United States District Court, M.D. North Carolina
RECOMMENDATION OF UNITED STATES MAGISTRATE JUDGE
JOE L. WEBSTER, Magistrate Judge.
Petitioner, a prisoner of the State of North Carolina, seeks a writ of habeas corpus pursuant to 28 U.S.C. § 2254. (Docket Entry 1.) Respondent has filed an Answer (Docket Entry 5), a Motion for Summary Judgment (Docket Entry 7), and a Brief in Support of the Motion for Summary Judgment (Docket Entry 8). Petitioner was notified of his right to file a Response (Docket Entry 9), however, no such Response was forthcoming. This matter is now prepared for a ruling.
On September 17, 2007, Petitioner pled guilty to one count of robbery with a dangerous weapon and one count of common law robbery, in cases 06 CRS 053924-25. (Docket Entry 1, §§ 1-6, Attach. 2 at 11-15.) He was sentenced to 82-108 months of imprisonment. (Docket Entry 1, § 3, Attach. 2 at 15.) Petitioner did not file a direct appeal. (Docket Entry 1, § 8.)
Approximately six years later, on October 9, 2013, Petitioner signed and then later filed a Motion for Appropriate Relief ("MAR") in Superior Court, Lee County. (Docket Entry 1, Attach. 1 at 16-51.) On March 14, 2014, Petitioner dated a motion for expedited consideration of his MAR, which he filed in Superior Court, Lee County. ( Id. at 14, 17.) On April 2, 2014, Petitioner dated a request for the status of his MAR and an evidentiary hearing in Superior Court, Lee County. ( Id. at 14.) On April 9, 2014, Petitioner filed a petition for a writ of mandamus in the North Carolina Court of Appeals, which was denied on April 22, 2014. (Docket Entry 8, Ex. 1.) On April 24, 2014, the Superior Court, Lee County, denied Petitioner's MAR, motion for expedited consideration of the MAR, and request for a status report and an evidentiary hearing. (Docket Entry 1, Attach. 1 at 14.)
On April 30, 2014, Petitioner signed and then later filed a certiorari petition in the North Carolina Court of Appeals, seeking review of the April 24, 2014 order of the Superior Court, Lee County, denying his MAR, motion for expedited consideration of his MAR, and request for a status report and an evidentiary hearing. ( Id. at 1-13.) On May 27, 2014, the North Carolina Court of Appeals denied Petitioner's certiorari petition. (Docket 1 at 20.) Petitioner dated the instant federal habeas petition May 28, 2014 and filed it in this Court on June 2, 2014. (Docket 1.)
Petitioner raises seven claims: (1) a Brady violation by the State, (2) the guilty plea was not made knowingly, voluntarily, and intelligently and lacked a factual basis, (3) his conviction was in violation of due process, (4) his right to equal protection was violated and he is entitled to retroactive beneficial changes in North Carolina sentencing law, (5) that he received ineffective assistance of counsel due to counsel's failure to investigate the elements of the alleged crime and to object to the State's factual basis and to the sentence imposed, (6) that his sentences were grossly disproportionate and "not graduated to the offense, " (7) and "error coram nobis on previous convictions." ( See id. § 12, Grounds One through Seven.)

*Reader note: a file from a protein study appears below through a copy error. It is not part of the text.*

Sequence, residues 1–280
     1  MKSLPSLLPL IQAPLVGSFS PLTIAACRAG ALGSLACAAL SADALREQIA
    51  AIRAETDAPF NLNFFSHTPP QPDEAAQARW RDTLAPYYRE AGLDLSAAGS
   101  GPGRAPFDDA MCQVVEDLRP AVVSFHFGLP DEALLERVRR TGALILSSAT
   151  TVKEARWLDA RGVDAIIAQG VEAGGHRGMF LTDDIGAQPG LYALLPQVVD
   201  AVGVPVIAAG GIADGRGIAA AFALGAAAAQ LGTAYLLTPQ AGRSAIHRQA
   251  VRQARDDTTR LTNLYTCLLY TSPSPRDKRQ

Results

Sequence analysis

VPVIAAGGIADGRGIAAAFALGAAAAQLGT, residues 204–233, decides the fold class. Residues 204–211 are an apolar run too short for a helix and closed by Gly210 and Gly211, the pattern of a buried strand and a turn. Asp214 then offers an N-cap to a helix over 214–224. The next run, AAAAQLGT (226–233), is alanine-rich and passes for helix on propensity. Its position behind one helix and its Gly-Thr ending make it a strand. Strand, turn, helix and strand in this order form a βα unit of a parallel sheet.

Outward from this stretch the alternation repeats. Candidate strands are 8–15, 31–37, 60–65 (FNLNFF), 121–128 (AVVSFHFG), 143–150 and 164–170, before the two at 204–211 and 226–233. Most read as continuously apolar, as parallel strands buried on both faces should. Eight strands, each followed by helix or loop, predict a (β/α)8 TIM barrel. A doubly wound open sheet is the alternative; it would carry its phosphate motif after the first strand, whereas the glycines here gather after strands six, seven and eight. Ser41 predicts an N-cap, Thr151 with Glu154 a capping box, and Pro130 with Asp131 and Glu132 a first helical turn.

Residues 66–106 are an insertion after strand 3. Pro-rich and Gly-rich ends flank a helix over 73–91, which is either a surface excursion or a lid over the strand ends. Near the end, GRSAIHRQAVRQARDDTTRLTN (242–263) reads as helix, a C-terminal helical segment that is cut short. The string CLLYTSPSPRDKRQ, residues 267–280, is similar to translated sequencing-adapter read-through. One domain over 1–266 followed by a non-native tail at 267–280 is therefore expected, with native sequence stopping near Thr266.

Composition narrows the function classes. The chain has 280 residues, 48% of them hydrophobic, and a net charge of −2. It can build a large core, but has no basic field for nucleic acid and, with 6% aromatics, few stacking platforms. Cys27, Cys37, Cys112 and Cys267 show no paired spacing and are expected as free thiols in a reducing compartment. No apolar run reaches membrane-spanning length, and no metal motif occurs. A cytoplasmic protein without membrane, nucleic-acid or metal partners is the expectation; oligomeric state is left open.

Respondent requests dismissal on the ground that the Petition was filed beyond the one-year limitation period imposed by 28 U.S.C. § 2244(d)(1). (Docket Entry 8.) In order to assess this argument, the Court first must determine when Petitioner's one-year period to file his § 2254 petition commenced. In this regard, the United States Court of Appeals for the Fourth Circuit has explained that:
Under § 2244(d)(1)(A)-(D), the one-year limitation period begins to ran from the latest of several potential starting dates:
(A) the date on which the judgment became final by the conclusion of direct review or the expiration of the time for seeking such review ;
(B) the date on which the impediment to filing an application created by State action in violation of the Constitution or laws of the United States is removed, if the applicant was prevented from filing by such State action;
(C) the date on which the constitutional right asserted was initially recognized by the Supreme Court, if the right has been newly recognized by the Supreme Court and made ...